Sunday, June 24, 2012

An Evening with a Champion – 1966 U.S. Open Winner Billy Casper at Lake Merced Golf Club

The Lake Course at San Francisco’s Olympic Club has gained a reputation for producing come-from-behind winners whenever it hosts the U.S. Open golf tournament. The first time that the Olympic Club hosted the Open, in 1955, an unheralded municipal course pro from Iowa named Jack Fleck overtook the great Ben Hogan to tie in regulation play, and then defeated Hogan in a playoff the next day. In 1966, Arnold Palmer had a seven-stroke lead over Billy Casper going into the final round. Overly-complacent with such a large lead in hand with nine holes to play, Palmer had pressed too hard on Olympic’s back nine in pursuit of Ben Hogan’s U.S. Open scoring record. Casper made birdies while Palmer made bogies, and once again a leader was overtaken to force a playoff, and the come-from-behind player won. In this instance it was less of an upset than the Fleck vs. Hogan battle eleven years earlier – Casper had twenty-nine wins to his credit at that point, including the 1959 U.S. Open.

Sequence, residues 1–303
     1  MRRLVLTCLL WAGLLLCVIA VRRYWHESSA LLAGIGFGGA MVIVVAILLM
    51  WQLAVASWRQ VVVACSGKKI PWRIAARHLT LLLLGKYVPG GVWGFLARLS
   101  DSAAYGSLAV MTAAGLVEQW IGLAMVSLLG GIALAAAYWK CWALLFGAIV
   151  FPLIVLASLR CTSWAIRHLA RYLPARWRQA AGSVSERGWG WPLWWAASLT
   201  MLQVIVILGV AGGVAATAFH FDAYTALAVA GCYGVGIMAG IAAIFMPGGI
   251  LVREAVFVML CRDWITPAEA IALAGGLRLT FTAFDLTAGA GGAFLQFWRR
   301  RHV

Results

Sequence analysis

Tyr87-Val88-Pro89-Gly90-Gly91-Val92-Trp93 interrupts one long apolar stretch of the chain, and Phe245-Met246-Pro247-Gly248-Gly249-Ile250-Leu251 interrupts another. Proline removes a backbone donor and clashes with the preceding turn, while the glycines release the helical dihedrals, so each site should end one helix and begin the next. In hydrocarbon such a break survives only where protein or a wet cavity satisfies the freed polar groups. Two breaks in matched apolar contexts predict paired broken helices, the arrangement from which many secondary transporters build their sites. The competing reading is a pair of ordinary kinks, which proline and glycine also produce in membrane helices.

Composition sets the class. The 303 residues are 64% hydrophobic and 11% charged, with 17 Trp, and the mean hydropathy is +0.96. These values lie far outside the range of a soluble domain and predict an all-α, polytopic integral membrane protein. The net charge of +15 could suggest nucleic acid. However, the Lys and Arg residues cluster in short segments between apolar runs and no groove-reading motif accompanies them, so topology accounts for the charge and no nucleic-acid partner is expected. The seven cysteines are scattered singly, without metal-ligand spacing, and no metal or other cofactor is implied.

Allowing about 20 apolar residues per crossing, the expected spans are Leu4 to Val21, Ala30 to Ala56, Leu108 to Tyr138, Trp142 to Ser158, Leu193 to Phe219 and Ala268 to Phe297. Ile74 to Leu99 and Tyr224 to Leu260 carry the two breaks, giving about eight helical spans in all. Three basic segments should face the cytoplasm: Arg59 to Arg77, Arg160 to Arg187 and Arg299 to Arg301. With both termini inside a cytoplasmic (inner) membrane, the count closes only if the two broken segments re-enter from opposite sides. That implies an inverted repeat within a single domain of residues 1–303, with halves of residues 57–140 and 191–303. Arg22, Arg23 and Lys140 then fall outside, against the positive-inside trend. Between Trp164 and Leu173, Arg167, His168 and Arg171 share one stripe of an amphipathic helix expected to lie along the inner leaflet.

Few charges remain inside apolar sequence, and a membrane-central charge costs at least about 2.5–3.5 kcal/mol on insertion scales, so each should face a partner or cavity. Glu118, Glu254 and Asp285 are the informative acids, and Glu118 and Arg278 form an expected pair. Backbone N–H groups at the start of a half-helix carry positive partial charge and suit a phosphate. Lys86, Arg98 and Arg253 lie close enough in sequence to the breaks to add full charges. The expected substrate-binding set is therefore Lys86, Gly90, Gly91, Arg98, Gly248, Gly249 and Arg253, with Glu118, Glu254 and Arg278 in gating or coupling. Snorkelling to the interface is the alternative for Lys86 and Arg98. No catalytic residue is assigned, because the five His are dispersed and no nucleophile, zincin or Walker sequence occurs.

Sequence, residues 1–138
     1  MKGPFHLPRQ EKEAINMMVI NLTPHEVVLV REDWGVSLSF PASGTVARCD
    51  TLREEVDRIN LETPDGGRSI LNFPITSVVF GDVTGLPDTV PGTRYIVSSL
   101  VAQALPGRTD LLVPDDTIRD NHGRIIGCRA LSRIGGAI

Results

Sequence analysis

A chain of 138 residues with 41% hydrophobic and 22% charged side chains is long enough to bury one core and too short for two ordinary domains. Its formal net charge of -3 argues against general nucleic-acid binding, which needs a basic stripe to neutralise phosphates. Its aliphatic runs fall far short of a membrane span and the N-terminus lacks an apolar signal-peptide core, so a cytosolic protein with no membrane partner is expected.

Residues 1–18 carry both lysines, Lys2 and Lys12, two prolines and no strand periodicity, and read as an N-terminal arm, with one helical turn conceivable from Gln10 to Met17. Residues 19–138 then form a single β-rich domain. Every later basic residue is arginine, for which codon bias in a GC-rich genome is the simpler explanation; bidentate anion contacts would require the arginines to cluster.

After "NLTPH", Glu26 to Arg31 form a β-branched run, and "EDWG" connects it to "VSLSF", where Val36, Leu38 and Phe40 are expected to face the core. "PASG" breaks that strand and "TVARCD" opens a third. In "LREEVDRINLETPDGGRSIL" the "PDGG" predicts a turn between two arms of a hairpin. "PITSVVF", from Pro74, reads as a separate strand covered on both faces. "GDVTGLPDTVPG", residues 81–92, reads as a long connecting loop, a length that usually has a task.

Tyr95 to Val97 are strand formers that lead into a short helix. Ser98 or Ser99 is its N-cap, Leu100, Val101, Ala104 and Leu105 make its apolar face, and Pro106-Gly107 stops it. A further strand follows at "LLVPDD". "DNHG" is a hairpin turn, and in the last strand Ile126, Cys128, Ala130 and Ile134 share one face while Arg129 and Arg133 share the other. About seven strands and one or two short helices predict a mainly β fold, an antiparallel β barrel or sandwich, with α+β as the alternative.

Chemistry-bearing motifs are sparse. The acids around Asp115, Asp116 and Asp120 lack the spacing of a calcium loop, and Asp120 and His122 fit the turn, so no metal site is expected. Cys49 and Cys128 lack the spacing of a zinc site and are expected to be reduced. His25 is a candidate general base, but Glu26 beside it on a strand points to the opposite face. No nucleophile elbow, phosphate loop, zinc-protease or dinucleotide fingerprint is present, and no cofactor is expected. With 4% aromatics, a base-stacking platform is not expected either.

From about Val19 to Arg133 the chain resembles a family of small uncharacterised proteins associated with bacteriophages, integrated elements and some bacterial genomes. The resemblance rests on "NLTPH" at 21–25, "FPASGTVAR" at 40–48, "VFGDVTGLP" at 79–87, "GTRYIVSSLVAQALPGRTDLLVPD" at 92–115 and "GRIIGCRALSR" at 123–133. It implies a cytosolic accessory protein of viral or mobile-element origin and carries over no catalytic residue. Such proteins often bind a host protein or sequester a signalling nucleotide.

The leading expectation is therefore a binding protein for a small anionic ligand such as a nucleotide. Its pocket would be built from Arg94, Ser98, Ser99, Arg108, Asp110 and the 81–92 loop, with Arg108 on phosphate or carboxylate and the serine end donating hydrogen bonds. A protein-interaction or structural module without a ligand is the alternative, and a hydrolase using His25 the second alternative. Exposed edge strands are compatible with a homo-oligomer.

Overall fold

The U.S. Open returned to the storied environs of the Olympic Club this year, for the fifth time, and these past champions returned to the Bay Area to revisit the scene of their long-ago triumphs, and to be fêted by appreciative golf enthusiasts. On the evening of Wednesday, June 13th, the night before the opening rounds of the 112th U.S. Open were to begin, one of these great champions from the past shared his recollections of those events with a roomful of golf fans – Billy Casper joined a group of the members of Lake Merced Golf Club for an evening of conversation and recollection, not only about those five eventful days in 1966 at the Olympic Club, but his entire career. I was privileged to be among Mr Casper’s audience that evening, as a guest of Lake Merced’s general manager, Donna Lowe. It was a wonderful evening with a great past champion of our game, and a fitting prelude to the competition that was to begin the following morning, less than a mile away, at the Olympic Club.